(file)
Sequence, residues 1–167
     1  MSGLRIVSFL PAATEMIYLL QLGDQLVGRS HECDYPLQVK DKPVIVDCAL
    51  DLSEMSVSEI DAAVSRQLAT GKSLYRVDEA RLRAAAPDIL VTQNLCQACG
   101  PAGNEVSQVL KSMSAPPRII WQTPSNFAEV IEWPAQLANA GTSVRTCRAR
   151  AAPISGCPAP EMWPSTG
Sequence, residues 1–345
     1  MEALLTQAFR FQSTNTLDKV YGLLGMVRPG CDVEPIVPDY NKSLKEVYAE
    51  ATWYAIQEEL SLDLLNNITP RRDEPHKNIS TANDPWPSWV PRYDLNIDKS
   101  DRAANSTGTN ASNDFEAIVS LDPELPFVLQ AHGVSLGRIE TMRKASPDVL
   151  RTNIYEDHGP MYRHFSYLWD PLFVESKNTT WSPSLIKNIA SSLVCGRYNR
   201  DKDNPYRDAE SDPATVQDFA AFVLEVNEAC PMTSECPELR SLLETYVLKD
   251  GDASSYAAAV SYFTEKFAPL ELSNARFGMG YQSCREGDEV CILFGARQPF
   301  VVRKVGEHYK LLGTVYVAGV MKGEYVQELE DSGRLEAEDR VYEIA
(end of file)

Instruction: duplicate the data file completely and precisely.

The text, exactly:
Sequence, residues 1–167
     1  MSGLRIVSFL PAATEMIYLL QLGDQLVGRS HECDYPLQVK DKPVIVDCAL
    51  DLSEMSVSEI DAAVSRQLAT GKSLYRVDEA RLRAAAPDIL VTQNLCQACG
   101  PAGNEVSQVL KSMSAPPRII WQTPSNFAEV IEWPAQLANA GTSVRTCRAR
   151  AAPISGCPAP EMWPSTG
Sequence, residues 1–345
     1  MEALLTQAFR FQSTNTLDKV YGLLGMVRPG CDVEPIVPDY NKSLKEVYAE
    51  ATWYAIQEEL SLDLLNNITP RRDEPHKNIS TANDPWPSWV PRYDLNIDKS
   101  DRAANSTGTN ASNDFEAIVS LDPELPFVLQ AHGVSLGRIE TMRKASPDVL
   151  RTNIYEDHGP MYRHFSYLWD PLFVESKNTT WSPSLIKNIA SSLVCGRYNR
   201  DKDNPYRDAE SDPATVQDFA AFVLEVNEAC PMTSECPELR SLLETYVLKD
   251  GDASSYAAAV SYFTEKFAPL ELSNARFGMG YQSCREGDEV CILFGARQPF
   301  VVRKVGEHYK LLGTVYVAGV MKGEYVQELE DSGRLEAEDR VYEIA